3

First of all, from a password security perspective you have a pretty good algorithm. Your salt is technically not a salt, since it is the same for every user, but when you combine it with the username it is a unique piece of information, thus you do have the complete security of a salt. If your "some-salt" string is cryptographically strong (at least 64 ...


2

I can see a few problems with your approach. You appear to be using a constant salt value. It is more secure to generate a new salt for each password. Including username in the salt can be problematic. As pointed out by Andrew, it means you cannot rename a user. It does partially mitigate the problem with a constant salt. But it does not fully mitigate the ...


2

Yes - this is a security threat. As others have pointed out, this is a side channel attack. Although you are following OWASP advice and returning the same message, you are still revealing to an attacker whether the particular account exists. If you were using user-selected names, I would say leave it be. In that case, the sign up process reveals what user ...


2

I don't see this as a major threat. Yes, it gives an attacker a way to verify that a given username exists, but in a typical application, there are many other ways to get this information. If you want to prevent this timing attack, you can re-write your login page to hash the password before checking to see if the username exists, thus slowing down all ...


2

I agree this could be seen as something like a side channel attack. It could pose a significant threat, but it depends on the circumstances as most registration pages will tell you if an email is already registered. This could be an issue where users are assigned a random username such as a bank assigning a client ID. Just hash the supplied password ...


2

Please do NOT consider disable_functions a security feature. See my previous answer to a different question on stackoverflow - even PHP does not consider disable_functions and similar as a real security feature(s).


2

Yes. Any HTTP request that isn't protected by SSL/TLS/HTTPS is vulnerable to MitM attacks. Without the integrity that is provided by HTTPS, any component of the HTML served over HTTP is vulnerable to attack or modification by a man-in-the-middle. For instance, the form's action could be changed, so instead of the form being POSTed to your intended page, ...


2

There have been issues with filter_var when used with FILTER_VALIDATE_EMAIL in the past, however I cannot find any vulnerabilities with FILTER_VALIDATE_IP. Even though an IP address does not contain characters that have special meaning within HTML (e.g. <) or have characters that can break out of a database query (e.g. '), I would treat the value like ...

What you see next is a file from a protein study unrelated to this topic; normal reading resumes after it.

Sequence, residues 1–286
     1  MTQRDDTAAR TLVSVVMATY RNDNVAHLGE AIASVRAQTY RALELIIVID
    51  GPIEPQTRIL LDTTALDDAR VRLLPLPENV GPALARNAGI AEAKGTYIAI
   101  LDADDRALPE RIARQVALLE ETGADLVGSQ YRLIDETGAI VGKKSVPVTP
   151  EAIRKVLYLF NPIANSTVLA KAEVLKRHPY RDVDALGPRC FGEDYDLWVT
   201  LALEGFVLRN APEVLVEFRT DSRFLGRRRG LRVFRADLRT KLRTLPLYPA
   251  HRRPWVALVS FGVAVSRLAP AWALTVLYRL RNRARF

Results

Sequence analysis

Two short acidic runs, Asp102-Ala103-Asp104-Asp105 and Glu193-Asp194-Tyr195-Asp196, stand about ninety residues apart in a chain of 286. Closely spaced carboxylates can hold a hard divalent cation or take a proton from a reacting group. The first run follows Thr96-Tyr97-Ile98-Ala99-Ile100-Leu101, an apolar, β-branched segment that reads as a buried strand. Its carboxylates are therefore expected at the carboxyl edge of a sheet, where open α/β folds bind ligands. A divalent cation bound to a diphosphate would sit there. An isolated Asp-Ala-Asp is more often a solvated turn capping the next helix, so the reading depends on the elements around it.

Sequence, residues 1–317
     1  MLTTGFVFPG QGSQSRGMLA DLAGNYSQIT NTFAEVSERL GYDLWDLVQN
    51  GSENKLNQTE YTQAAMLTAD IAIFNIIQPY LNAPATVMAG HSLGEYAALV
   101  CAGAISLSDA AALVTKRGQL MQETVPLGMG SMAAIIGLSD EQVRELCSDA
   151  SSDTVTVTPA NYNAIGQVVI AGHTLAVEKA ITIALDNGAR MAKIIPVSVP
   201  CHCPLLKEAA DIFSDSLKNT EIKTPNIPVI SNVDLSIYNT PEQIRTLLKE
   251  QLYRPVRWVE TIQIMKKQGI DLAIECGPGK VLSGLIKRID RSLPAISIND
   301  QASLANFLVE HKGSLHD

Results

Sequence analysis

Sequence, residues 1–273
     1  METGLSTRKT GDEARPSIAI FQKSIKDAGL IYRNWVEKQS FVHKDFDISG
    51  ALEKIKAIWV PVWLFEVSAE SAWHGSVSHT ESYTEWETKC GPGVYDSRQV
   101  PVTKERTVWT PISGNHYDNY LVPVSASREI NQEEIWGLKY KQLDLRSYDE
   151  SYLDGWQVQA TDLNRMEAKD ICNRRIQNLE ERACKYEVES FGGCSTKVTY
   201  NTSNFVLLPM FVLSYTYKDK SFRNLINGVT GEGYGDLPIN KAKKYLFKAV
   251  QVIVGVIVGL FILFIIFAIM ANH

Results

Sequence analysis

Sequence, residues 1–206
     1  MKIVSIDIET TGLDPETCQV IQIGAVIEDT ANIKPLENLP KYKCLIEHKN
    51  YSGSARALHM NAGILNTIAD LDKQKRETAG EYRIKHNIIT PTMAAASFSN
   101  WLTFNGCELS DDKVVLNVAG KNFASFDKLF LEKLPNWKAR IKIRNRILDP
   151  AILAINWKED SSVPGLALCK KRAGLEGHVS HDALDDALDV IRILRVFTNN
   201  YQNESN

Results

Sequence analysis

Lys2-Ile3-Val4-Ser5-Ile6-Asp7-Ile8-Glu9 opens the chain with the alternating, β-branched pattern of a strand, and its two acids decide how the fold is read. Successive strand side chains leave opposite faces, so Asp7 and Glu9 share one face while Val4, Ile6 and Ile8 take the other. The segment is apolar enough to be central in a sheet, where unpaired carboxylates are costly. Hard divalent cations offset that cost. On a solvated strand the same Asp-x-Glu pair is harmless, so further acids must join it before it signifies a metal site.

2

Theoretically, I think this can be bypassed using HPP (HTTP Parameter pollution), for example ?id=union select&id=union select ... counter==2 will be bypassed this way. One other way I think could be using comments like un/**/ion+se/**/lect One other thing to note that to bypass this, we can proof the counter false using legitimate union select ...


2

Someone could pass a link to //xss.com/malware.php, by encoding it as https://www.example.com/login.php?previous_page=%2F%2Fxss.com%2Fmalware.php. To prevent this, you could pass the path from the site root as the parameter, so you would pass only dashboard.php. Then assemble the full link on the server side.


2

Can you remove the brakes of your car to save weight? Well, if you only drive on an isolated site and keep the speed at a minimum and ensure that nothing extraordinary will ever happen (like an uninformed person using the car), probably. Your method “works” as long as you control every single aspect of the system and don't overlook anything. You've already ...


1

Escaping in general has had issues. Please use prepared statements, instead of escaping anything. It's the only sane way to pass parameters to SQL queries. I'm pretty sure it's also the fastest, since it's just passing the values to the sql server.


1

The echo output with the \0 included is supposed to happen, nothing to worry. In order to understand the attack, you have to know how C and PHP store strings. C In C, a string is simply a a pointer to a memory address where the pointer points to the start of the string, and the \0 character indicates the end. No length is stored, all code that reads ...


1

SQL Injection does not require the use of union or select . SQL injection means that the query structure itself has been altered by user input. How about where $id is ' OR '1'='1? This will make your query become SELECT username,password FROM admin WHERE username='' OR '1'='1' ORDER BY 1 which means all records will be returned. The solution is to use ...


1

I think there are bigger issues at play, for one your logs seems to suggest there is an issue with your application caused by a file which can't be opened. The fact that there were dozens of logs all within the same second implies that this error is also occurring multiple times in the same request. This may or may not be contributing to your site being ...